Food allergies whilst hard to track down are also relatively easy to treat - the offending food substance is removed from the dog's diet. The best way to prevent food allergies is to feed your dog a high quality, PREMIUM dog food, without soy, corn or wheat.
Inhalant allergies are, for the most part, impossible to treat. The best that can be hoped for is maintaining the dog as comfortably as possible. Inhalant allergies are generally worse in the summer and fall when pollen, molds and seeds are abundant. As with people, it is possible to get "allergy" shots for dogs which might help to alleviate some of the symptoms.
Inherited allergies will generally show up in a much younger dog, sometimes as young as three months but nearly always by the time a dog has turned a year. Again dogs with inherited allergies should NEVER be bred. The treatment for dogs with inherited allergies is the same as for those with acquired.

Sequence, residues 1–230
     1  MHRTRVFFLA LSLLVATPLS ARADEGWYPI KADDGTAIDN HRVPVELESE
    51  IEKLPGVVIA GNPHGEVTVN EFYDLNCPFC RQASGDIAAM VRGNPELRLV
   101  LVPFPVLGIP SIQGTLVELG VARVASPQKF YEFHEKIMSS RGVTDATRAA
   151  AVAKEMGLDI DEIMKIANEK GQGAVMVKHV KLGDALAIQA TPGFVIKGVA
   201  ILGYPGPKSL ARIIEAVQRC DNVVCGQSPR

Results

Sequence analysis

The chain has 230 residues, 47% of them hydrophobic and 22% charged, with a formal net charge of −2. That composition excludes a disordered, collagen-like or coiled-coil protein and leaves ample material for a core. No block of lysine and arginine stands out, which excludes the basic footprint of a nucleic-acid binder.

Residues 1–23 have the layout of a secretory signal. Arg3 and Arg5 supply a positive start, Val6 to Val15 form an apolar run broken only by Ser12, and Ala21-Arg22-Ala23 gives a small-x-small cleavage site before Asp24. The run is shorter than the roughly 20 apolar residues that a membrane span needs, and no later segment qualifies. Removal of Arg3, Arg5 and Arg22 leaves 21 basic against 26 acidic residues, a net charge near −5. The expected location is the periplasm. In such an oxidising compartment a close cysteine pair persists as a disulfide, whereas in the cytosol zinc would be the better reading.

Another very common cause of skin problems are fleas. Many dogs are very allergic to the saliva of the flea. Symptoms are intense itching and scratching; it can take only one bite to set a severely allergic dog into ripping its skin apart. The best solution for fleabite allergies is PREVENTION. These days there are some excellent flea preventives available, both Frontline and Advantage are highly recommended, Program is another method, however this particular method does not actually kill the fleas that are biting your dog but sterilizes them so they can’t re-produce. If fleas are a problem they you also have to treat the environment your dog lives in by removing fleas from your house and yard.
Hypothyroidism is a common complaint of all dogs. The thyroid gland is unable to function and maintain adequate levels of the various hormones needed to keep the body systems functioning. The commonest reason for hypothyroidism is thought to be "auto-immune thyroiditis". This is when the dog's own immune system turns on the thyroid gland and systematically destroys it.